Ethan Avery, AKA Damage, has gone on the loose. Damage is a massive creature created by the military for as-of-yet unknown purposes. He is a walking weapon, and his handlers will do anything to get him back.
So, Damage is very reminiscent of the Hulk. He's a massively bulky creature. He was created by the military. The military wants him back. It feels pretty explicitly like the Hulk.
There are some differences of course. Damage has a time limit, which we see throughout the comic. Ethan Avery isn't a scientist; he's a military man himself. He volunteered to become Damage instead of being caught in an accident.
All these comparisons and contrasts aside, is it a good read?
It's pretty fun, yeah.
The first issue is a straightforward depiction of the escape of Damage with a power-armored soldier trying to wrangle in Ethan. At the end, we see the commanding officer picking up the pieces of the mess it became.
There is potential, as my fellow reviewer Joe Glass said, but I'm less optimistic than he. This opening issue poses an uphill battle for the series, because the Hulk comparisons did have a way of dominating my thought while reading it.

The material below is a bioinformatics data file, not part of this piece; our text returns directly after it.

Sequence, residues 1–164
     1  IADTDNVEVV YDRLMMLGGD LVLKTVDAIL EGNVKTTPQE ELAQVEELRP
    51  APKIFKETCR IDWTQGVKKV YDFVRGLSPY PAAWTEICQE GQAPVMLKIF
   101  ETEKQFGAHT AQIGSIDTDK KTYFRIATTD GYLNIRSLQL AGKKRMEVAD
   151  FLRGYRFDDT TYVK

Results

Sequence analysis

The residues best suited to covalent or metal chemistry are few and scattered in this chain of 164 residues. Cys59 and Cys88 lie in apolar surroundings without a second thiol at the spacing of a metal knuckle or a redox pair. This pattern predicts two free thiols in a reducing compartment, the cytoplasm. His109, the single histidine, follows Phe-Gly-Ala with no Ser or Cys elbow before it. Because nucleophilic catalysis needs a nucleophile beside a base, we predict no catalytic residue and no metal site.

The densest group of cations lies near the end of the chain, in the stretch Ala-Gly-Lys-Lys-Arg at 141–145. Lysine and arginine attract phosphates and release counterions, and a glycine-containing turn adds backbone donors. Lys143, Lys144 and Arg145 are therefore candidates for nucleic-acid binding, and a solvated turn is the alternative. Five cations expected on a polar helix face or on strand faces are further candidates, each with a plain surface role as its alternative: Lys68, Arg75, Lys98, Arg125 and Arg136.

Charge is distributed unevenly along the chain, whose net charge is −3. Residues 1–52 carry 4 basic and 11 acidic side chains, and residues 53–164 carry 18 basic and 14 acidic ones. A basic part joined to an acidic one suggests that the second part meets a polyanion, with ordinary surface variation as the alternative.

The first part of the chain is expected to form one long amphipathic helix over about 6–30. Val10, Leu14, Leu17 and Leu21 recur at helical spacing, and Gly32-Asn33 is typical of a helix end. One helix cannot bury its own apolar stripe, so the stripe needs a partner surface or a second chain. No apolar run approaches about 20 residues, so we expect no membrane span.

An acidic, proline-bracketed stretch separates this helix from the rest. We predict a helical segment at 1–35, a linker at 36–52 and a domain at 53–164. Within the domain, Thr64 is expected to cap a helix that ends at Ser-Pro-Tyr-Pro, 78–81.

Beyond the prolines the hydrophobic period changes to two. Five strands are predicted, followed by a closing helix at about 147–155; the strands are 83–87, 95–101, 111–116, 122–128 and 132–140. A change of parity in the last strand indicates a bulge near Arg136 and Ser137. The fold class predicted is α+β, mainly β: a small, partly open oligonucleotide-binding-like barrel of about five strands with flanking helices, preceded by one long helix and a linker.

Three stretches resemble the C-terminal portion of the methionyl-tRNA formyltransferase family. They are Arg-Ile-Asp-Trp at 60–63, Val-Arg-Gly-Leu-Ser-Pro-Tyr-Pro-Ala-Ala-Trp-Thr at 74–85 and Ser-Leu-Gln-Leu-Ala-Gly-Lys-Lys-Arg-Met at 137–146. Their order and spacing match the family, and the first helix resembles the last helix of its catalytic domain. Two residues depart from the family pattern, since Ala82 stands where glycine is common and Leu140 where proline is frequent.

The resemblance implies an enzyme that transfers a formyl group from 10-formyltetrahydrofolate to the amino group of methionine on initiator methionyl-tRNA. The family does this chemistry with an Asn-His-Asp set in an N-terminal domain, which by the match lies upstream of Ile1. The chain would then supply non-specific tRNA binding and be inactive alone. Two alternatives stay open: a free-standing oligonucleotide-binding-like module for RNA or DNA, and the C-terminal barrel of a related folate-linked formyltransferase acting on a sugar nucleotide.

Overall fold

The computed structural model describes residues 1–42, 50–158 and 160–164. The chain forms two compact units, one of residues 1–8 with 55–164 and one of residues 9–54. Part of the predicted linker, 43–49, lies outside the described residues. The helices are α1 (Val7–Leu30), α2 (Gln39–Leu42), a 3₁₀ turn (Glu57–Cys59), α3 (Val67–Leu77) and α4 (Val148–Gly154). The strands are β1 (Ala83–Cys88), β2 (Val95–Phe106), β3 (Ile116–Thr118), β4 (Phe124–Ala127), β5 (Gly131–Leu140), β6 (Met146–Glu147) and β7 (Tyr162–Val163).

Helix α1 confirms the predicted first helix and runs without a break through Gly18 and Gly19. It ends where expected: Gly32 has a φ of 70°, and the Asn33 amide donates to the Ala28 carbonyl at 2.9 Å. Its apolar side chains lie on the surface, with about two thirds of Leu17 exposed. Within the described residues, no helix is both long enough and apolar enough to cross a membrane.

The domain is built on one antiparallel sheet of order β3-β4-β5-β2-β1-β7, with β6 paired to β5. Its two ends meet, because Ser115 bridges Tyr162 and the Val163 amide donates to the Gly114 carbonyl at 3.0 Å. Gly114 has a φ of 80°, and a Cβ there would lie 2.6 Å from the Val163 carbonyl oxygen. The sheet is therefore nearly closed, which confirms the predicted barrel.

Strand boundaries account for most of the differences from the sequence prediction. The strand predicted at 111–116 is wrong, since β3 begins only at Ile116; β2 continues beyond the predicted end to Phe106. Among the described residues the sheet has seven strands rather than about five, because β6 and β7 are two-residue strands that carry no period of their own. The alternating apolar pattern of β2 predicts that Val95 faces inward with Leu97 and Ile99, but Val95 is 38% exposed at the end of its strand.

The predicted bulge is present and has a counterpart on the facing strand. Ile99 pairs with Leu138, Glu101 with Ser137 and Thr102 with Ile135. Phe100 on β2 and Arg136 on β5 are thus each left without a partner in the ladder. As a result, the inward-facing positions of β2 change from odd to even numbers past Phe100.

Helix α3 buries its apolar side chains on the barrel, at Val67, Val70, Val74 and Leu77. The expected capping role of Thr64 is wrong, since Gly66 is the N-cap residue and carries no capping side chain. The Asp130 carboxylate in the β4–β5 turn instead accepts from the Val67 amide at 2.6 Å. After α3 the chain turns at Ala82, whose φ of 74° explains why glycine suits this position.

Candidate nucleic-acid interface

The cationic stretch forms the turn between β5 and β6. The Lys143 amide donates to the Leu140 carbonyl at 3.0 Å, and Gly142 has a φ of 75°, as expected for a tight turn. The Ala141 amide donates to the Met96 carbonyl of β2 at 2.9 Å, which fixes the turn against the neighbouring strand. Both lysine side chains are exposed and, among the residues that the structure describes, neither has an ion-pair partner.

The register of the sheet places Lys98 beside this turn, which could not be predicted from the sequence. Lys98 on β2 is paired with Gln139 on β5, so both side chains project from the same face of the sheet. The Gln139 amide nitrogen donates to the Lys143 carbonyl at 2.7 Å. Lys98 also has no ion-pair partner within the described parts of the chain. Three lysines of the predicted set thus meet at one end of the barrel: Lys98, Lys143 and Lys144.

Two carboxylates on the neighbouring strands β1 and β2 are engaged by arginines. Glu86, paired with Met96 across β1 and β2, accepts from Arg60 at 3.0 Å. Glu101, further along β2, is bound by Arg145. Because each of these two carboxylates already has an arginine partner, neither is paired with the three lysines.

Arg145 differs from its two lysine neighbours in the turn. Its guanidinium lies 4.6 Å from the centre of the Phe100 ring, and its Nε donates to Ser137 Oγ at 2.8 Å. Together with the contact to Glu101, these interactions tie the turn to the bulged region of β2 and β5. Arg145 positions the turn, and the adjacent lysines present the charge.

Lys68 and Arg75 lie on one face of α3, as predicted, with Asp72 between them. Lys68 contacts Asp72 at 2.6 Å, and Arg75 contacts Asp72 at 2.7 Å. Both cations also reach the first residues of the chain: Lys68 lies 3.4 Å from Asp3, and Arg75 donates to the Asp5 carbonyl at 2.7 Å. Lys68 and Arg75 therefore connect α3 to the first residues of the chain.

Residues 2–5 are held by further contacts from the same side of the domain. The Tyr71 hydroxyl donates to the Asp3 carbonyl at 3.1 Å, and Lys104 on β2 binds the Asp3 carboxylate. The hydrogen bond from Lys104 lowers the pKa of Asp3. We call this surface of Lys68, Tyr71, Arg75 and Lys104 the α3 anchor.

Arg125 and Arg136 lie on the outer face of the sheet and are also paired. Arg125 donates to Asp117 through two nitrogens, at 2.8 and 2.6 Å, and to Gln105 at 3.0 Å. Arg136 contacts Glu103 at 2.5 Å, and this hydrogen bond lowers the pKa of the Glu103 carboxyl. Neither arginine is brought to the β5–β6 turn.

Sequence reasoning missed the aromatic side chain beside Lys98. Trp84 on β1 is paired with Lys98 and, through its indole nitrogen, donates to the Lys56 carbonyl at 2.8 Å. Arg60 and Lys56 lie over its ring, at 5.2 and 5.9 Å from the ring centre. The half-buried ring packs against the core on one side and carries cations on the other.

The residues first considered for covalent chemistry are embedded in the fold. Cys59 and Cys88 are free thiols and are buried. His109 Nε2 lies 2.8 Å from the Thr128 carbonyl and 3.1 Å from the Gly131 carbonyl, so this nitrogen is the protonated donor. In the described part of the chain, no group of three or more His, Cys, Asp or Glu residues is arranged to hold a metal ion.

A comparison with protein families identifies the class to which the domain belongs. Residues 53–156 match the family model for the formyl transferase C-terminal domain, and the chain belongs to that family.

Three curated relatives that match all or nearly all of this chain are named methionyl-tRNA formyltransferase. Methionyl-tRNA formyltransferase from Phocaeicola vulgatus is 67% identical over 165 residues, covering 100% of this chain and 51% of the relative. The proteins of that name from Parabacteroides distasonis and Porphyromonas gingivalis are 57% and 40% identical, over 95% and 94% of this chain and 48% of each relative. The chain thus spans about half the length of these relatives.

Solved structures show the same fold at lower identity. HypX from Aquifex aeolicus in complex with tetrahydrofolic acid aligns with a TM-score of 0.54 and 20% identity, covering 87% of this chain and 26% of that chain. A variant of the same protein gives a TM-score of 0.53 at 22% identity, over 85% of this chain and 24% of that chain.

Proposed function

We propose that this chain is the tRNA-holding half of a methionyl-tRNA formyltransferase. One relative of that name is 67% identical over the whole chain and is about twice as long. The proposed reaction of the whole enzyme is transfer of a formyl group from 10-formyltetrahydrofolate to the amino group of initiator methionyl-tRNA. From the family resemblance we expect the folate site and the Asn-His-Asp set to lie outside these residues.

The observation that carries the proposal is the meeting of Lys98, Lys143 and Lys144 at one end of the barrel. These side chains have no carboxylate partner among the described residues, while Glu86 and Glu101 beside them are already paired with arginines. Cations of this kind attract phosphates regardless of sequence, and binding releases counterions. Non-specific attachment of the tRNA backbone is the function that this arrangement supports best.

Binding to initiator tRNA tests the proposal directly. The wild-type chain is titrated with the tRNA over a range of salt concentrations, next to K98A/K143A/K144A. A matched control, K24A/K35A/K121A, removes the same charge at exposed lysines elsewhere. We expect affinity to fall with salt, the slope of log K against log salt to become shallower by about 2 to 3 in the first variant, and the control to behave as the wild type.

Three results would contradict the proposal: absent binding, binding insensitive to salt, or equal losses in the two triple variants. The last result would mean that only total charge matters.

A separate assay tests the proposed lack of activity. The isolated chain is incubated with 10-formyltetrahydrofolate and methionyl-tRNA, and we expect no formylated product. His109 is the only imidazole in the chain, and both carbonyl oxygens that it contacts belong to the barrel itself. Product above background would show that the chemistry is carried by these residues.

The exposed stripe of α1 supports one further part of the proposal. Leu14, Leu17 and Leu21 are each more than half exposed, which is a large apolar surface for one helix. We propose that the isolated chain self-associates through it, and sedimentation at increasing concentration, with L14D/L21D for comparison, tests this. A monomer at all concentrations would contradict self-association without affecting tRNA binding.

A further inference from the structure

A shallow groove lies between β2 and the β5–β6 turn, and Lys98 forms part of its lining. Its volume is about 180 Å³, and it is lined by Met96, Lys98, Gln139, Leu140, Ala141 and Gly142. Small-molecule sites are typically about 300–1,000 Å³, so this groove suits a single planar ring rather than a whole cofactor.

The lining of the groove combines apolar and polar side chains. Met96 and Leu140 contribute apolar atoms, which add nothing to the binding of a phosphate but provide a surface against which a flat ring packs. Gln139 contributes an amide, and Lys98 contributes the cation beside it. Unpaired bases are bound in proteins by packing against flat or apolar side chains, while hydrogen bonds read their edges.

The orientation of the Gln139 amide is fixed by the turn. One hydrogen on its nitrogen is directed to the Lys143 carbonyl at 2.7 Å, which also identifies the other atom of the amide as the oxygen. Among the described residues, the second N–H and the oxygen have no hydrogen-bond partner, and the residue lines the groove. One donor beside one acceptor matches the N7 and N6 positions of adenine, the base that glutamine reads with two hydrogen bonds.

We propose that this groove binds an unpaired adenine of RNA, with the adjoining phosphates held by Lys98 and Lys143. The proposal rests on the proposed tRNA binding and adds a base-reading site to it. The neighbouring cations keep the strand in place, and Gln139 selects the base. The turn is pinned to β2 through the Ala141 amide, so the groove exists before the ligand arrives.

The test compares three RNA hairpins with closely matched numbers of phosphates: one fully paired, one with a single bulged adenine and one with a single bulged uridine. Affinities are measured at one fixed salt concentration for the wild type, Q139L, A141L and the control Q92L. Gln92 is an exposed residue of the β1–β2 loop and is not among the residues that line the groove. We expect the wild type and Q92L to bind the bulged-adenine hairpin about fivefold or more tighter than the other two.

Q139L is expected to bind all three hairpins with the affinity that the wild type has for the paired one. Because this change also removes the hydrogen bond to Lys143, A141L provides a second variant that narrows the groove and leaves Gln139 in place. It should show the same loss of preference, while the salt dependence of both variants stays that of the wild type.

We learn very little of Ethan, which is a big problem too. We only get the whispers of his voice in Damage's head. That being said, Damage may have a personality of his own, and that does pose an interesting angle.
Tony S. Daniels's artwork is as strong as ever. Danny Miki does some solid inking work as well. Tomeu Morey uses a really good dark purple-centered palette for much of the environment, and that looks really good.
Damage looks like it could be interesting. The first issue doesn't have me especially optimistic, but I'm not ready to write it off either. I can recommend trying it for sure, though, and you should feel free to check it out.